• Title: Applying Social Psychology to Reveal a Major (But Correctable) Flaw in Student Evaluations of Teaching
    Author: Anthony G. Greenwald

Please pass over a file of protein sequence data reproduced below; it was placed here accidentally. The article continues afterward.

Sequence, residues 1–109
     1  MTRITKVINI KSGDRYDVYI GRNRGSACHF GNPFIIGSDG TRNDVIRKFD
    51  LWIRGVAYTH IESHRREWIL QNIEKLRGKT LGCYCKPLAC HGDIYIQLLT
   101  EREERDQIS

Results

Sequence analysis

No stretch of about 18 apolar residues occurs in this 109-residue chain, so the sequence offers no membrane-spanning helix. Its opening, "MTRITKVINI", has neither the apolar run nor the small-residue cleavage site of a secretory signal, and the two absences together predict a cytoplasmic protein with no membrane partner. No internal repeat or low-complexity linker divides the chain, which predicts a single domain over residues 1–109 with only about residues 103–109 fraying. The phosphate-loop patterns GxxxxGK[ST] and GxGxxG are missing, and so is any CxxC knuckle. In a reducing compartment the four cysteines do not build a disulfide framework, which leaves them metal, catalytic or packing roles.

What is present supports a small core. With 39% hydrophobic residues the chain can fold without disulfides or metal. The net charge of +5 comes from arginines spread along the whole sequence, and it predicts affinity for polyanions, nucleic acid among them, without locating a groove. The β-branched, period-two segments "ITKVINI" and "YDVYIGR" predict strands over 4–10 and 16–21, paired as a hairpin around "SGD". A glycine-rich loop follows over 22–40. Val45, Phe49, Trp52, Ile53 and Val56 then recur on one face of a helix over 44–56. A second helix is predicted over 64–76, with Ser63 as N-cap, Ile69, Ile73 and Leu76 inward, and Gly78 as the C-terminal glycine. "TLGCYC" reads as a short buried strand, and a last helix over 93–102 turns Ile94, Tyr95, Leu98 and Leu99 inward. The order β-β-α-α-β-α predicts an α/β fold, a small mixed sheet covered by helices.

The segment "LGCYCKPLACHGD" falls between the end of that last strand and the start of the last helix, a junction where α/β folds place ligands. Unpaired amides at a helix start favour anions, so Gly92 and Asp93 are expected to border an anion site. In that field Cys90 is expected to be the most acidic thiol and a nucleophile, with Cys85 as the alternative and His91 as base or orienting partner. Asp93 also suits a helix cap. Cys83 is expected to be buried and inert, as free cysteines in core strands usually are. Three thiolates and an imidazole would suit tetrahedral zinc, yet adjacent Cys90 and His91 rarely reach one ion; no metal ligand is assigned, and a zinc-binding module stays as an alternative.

Abstract. Higher education relies on student ratings to evaluate faculty teaching, partly because the alternatives (expert peer appraisals or objective performance criteria) are costly or unavailable. Because student ratings are crucial not only to improving instruction, but also in making or breaking faculty careers, it is important to assure that they provide valid indications of instructional quality. Analyses of large data sets obtained at University of Washington show that student ratings are prone to artifacts that can produce occasional substantial underestimates of teaching ability for instructors who grade strictly (and overestimates for those who grade leniently). Some likely system impacts of this distortion of ratings are to nudge (a) instructors toward lenient grading, and (b) students toward nonchallenging courses. The bright side of this picture is that the usefulness of student ratings can be improved statistically.
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